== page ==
One of my final projects from the last year of my university degree involved me taking what is known as ‘sleeveface’ photos of my friends. This was to help make the advertising campaign for a new series of singles nights that I had created for lovers of vinyl records.
The adverts blended record sleeves with actual people, aligning them together to give the impression of one single figure. I then used song lyrics from the artists featured to link back to the idea of a singles night, as if the figure in each of them was saying this line to another attendee. The rest of the project can be found on my website here.
I’m talking about this project because today I came across the work of Malaysia-based Graphic Designer Jaemy Choong. He uses a similar technique to create images, except instead of vinyl record sleeves, he uses movie postcards. He still has the same clever mixture of physical and print, merging people together effortlessly with the figures seen on the cards. It’s a really fun process and its great to see the two elements working together so well. Here are a few of my favourites:
Full credit to him for getting them aligned so perfectly, I know from experience just how difficult it can be to get it to work. You can see more of these pictures on his Instagram here.
Found via Design Taxi.
One of my favourite artists is Banksy and one of my favourite toys when growing up was LEGO, so you can imagine my excitement when I found this. Canadian photographer Jeff Friesen has created a series of photos that merge these two elements, recreating some of Banksy’s most famous pieces in LEGO brick form.
Friesen has then played on LEGO’s values of imagination and creativity, visualising what the wider context of the piece is by placing it within a larger LEGO environment.
Here’s a few of my favourites;
You can see more of the pics on Jeff’s website here.
Found via Design Taxi
This great design series by Flickr user Harvezt has been making the rounds on social media lately, with a number of design sites talking about it. In each piece, Harvezt takes a popular album cover and visualises what that scene would look like from behind.
This series of images shares slight parallels with another one I recently found by none other than the Guardian newspaper. In it, various famous album covers are inserted into Google street view shots of where the albums cover imagery was originally taken.
Some really interesting examples of how album artwork of the past can be reimagined for the future.
You may have noticed that I have been somewhat neglecting this blog recently, with no new posts for the last couple of weeks. Now, this isn’t because I haven’t wanted to post anything (I’ve got tons of bookmarked work that I want to talk about), it’s because I just unfortunately haven’t had the time.
When I started this blog I set myself the perhaps somewhat daunting task of one post per day. Despite this, I managed to succeed for the most part, sticking to the rule for a number of months. In retrospect, this may not have been the best decision, as once the second year of my uni course was up and running I found myself wanting to put more and more time into the work for it because, unlike last year, this one actually counts towards my degree. Because of this, the one post per day rule sort of went out the window!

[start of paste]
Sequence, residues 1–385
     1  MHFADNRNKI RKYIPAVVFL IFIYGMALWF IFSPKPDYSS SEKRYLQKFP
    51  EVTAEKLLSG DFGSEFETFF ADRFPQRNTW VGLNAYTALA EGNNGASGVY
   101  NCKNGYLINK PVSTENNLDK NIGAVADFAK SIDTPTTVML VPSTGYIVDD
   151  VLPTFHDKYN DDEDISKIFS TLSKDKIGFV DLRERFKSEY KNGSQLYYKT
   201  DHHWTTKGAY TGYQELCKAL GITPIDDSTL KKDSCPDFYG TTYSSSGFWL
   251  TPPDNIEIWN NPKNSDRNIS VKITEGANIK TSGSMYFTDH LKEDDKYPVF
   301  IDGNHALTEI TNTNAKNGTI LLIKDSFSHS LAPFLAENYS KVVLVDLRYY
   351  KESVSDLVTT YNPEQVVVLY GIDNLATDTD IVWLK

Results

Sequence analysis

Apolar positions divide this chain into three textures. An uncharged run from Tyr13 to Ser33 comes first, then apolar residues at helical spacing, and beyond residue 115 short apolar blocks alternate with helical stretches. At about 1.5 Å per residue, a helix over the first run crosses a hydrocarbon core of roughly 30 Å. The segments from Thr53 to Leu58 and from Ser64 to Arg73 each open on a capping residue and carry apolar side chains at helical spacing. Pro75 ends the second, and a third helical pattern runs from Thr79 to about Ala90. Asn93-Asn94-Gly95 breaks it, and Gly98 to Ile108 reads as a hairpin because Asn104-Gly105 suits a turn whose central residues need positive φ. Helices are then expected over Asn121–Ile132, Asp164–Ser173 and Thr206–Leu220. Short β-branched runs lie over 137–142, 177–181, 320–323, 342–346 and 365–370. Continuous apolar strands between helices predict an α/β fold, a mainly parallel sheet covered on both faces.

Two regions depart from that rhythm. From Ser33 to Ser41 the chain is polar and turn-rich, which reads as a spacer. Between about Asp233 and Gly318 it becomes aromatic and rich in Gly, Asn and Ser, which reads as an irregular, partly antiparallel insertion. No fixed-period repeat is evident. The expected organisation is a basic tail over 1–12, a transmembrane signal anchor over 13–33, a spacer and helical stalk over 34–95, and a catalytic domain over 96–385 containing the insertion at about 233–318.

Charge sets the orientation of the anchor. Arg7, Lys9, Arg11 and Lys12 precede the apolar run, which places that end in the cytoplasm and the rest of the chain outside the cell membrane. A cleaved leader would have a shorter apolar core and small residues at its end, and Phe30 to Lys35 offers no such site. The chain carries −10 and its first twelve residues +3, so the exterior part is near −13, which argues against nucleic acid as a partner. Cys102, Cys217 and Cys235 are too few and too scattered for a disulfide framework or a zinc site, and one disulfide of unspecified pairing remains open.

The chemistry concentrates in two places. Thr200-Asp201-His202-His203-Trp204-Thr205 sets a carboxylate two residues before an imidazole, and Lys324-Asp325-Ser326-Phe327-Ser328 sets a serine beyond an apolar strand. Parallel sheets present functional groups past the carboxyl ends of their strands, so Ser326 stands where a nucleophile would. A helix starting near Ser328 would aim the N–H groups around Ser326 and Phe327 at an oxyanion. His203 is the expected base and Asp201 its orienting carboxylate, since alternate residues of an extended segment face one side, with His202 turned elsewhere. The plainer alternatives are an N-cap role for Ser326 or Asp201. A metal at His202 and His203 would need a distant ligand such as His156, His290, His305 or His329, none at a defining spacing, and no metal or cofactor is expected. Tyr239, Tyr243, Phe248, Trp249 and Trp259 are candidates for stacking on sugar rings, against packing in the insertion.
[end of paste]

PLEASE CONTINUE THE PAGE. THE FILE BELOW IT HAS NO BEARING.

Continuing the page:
Now, don’t sit there thinking that this means your favourite blog in all of the world is no more! What this just means is that from now on the blog will be much more sporadic in posts, with me only posting when I can, which I will try my best to make as often as possible. I will endeavour to create some sort of less constrained post schedule in the future, but unfortunately with everything that’s going on, I can’t make any promises.
A slight twist on the format for the first Sunday post back after the break. Today’s photos are not ones which I have taken out and about on my iPhone, but rather ones of a series of t-shirts I have been designing as part of a personal side project recently.
The pictures themselves are for some reason too bright and are not being displayed in the correct colours. Hopefully I will get them uploaded properly on my website in the near future.
This post is very much in the same theme as yesterdays one, as I felt I needed to talk a bit more about Slinkachu, the street artist who I mentioned yesterday.
You can immediately see the similarities between his work and that of Boffoli who I looked at yesterday. Slinkachu’s “Little People” series however, does not only show the figures interacting with food but with many other things as well.
I found this today whilst looking for things to blog about over the coming days. Done by photographer Christopher Boffoli, the ‘Big Appetites’ series reminds me of the awesome work of street artist Slinkachu and is every bit as impressive.
The series is a witty collection of photographs that presents tiny model figurines posed in real life food environments, interacting with the items around them.